About the work

With over 100 billion nodes, the human brain is perhaps the most complex network known to science. Neuroscientists call whole brain networks “the connectome,” and until recently they were unmappable. Yet given the important role the connectome plays in brain function and consciousness, Barabási has had a longstanding interest in trying to understand its structure.


The Mouse Connectome, by A.-L. Barabási,
J. Brum, N. Dehmami, A. Grishchenko, and E. Towlson, created in 2019 to accompany a forth-coming paper.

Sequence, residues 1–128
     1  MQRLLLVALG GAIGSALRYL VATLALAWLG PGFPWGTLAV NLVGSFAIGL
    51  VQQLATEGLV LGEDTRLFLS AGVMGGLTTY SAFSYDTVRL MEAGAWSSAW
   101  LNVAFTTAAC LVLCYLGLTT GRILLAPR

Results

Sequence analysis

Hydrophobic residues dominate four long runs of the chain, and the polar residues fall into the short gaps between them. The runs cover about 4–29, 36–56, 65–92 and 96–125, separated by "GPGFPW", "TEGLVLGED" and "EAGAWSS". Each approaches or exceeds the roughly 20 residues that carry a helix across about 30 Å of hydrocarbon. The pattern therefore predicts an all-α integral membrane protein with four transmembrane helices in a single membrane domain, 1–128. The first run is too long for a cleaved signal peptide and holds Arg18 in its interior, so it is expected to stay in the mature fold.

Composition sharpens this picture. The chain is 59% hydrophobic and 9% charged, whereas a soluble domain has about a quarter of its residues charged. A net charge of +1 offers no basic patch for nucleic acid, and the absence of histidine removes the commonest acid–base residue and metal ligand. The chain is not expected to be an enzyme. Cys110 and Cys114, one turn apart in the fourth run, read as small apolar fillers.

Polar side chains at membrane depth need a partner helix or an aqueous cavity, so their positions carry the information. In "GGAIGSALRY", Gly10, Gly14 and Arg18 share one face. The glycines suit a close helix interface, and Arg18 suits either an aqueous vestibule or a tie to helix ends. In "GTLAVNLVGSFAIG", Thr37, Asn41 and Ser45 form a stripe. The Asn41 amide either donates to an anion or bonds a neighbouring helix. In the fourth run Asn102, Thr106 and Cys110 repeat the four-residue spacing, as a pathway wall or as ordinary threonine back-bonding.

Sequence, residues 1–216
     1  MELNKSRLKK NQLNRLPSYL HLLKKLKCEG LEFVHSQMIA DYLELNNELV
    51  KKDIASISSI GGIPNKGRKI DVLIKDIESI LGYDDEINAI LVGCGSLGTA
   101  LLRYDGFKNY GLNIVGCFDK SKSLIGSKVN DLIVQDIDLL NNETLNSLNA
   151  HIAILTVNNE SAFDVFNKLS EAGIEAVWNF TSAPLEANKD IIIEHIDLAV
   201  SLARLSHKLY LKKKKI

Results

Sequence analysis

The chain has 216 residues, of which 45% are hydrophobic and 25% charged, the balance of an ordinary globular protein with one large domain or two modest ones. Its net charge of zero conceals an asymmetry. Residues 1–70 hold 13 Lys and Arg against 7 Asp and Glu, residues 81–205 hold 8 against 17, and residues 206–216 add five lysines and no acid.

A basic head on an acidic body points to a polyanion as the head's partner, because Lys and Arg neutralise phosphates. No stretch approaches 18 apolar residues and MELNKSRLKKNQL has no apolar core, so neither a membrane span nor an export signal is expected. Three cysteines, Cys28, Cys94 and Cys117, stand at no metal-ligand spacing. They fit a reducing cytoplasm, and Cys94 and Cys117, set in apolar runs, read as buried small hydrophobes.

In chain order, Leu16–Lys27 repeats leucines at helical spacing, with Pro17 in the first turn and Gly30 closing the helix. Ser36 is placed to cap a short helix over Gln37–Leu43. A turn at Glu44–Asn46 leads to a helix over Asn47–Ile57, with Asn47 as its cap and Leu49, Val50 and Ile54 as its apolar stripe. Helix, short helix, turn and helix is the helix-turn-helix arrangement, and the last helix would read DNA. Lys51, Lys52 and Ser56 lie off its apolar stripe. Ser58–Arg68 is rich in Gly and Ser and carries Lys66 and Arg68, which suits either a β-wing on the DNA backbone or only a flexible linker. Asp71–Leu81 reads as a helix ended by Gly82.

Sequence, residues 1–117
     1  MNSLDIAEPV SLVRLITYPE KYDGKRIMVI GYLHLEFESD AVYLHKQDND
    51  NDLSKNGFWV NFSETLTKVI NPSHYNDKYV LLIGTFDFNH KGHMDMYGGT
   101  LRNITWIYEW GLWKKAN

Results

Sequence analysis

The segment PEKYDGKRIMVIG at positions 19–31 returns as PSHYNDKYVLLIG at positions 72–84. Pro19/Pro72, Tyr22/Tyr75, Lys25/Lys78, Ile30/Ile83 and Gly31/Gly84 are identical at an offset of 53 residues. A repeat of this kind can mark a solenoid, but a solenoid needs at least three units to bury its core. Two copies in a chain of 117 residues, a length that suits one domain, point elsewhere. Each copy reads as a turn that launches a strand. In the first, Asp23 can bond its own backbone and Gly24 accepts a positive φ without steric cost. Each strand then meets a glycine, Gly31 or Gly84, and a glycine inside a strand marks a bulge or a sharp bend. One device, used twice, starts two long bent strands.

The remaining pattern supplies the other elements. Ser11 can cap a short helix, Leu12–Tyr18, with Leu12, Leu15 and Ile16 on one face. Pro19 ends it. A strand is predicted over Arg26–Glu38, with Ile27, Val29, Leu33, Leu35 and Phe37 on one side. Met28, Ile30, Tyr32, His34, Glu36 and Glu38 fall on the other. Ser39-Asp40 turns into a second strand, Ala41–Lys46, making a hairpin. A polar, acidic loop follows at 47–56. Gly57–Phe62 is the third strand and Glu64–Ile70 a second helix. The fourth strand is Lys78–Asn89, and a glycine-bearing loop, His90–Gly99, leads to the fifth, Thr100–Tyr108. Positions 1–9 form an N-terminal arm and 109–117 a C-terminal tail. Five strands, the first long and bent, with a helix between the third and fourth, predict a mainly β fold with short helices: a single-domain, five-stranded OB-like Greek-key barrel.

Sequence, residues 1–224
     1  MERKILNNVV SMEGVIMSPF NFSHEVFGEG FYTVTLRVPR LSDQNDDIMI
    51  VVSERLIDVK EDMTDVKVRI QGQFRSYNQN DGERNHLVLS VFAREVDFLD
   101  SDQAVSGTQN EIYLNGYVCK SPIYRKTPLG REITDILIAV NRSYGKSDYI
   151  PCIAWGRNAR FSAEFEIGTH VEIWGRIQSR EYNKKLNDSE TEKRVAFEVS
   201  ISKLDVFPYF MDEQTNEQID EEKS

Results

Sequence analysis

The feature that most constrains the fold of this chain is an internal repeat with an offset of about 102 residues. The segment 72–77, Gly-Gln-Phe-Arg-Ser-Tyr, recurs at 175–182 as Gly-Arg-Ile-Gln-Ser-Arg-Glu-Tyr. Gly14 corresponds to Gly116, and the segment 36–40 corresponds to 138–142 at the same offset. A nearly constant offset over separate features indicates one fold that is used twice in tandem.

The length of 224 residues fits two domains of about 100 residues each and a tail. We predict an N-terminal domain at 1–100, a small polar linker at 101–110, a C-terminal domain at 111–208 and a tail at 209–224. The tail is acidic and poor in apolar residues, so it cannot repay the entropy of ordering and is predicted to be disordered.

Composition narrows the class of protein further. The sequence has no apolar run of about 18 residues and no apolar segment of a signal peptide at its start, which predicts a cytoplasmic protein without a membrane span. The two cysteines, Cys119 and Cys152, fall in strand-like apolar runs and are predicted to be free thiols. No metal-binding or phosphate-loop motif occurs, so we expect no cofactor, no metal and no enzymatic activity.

The BarabásiLab’s first attempt to visualize this network was a 3-D rendition of the connectome of the mouse brain. The configuration is based on data collected over the course of a multi-year project at the Allan Institute, a bioscience research center in Seattle. The Mouse Connectome was laid out using the same algorithm that generated The Flavor Network. Its arrangement unveils the exceptional complexity of the brain’s wiring patterns. Some images capture the full connectome, while others  zooms into one densely packed section—or local neighborhood—of the mouse brain’s wiring.